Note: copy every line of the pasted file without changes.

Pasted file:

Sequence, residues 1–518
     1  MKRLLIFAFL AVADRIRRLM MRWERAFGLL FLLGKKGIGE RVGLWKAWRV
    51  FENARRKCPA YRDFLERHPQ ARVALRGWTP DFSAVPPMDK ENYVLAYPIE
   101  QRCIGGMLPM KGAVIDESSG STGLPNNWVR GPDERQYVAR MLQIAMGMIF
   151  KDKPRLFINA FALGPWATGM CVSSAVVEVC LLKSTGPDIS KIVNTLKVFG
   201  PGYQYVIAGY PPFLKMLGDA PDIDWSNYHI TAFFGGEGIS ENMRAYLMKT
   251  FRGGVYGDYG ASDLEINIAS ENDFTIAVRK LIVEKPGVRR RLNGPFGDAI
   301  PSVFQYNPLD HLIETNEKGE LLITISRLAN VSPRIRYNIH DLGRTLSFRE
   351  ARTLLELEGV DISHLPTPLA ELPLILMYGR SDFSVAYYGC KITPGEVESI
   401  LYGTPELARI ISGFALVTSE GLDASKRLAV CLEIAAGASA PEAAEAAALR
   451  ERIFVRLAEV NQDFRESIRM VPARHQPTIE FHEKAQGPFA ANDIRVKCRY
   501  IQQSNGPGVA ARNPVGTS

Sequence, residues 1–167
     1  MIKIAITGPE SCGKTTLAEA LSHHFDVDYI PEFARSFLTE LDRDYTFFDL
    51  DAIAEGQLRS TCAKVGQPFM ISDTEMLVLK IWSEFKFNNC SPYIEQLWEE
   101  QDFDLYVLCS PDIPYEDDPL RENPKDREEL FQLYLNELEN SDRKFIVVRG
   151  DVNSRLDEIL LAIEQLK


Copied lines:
Sequence, residues 1–518
     1  MKRLLIFAFL AVADRIRRLM MRWERAFGLL FLLGKKGIGE RVGLWKAWRV
    51  FENARRKCPA YRDFLERHPQ ARVALRGWTP DFSAVPPMDK ENYVLAYPIE
   101  QRCIGGMLPM KGAVIDESSG STGLPNNWVR GPDERQYVAR MLQIAMGMIF
   151  KDKPRLFINA FALGPWATGM CVSSAVVEVC LLKSTGPDIS KIVNTLKVFG
   201  PGYQYVIAGY PPFLKMLGDA PDIDWSNYHI TAFFGGEGIS ENMRAYLMKT
   251  FRGGVYGDYG ASDLEINIAS ENDFTIAVRK LIVEKPGVRR RLNGPFGDAI
   301  PSVFQYNPLD HLIETNEKGE LLITISRLAN VSPRIRYNIH DLGRTLSFRE
   351  ARTLLELEGV DISHLPTPLA ELPLILMYGR SDFSVAYYGC KITPGEVESI
   401  LYGTPELARI ISGFALVTSE GLDASKRLAV CLEIAAGASA PEAAEAAALR
   451  ERIFVRLAEV NQDFRESIRM VPARHQPTIE FHEKAQGPFA ANDIRVKCRY
   501  IQQSNGPGVA ARNPVGTS

Sequence, residues 1–167
     1  MIKIAITGPE SCGKTTLAEA LSHHFDVDYI PEFARSFLTE LDRDYTFFDL
    51  DAIAEGQLRS TCAKVGQPFM ISDTEMLVLK IWSEFKFNNC SPYIEQLWEE
   101  QDFDLYVLCS PDIPYEDDPL RENPKDREEL FQLYLNELEN SDRKFIVVRG
   151  DVNSRLDEIL LAIEQLK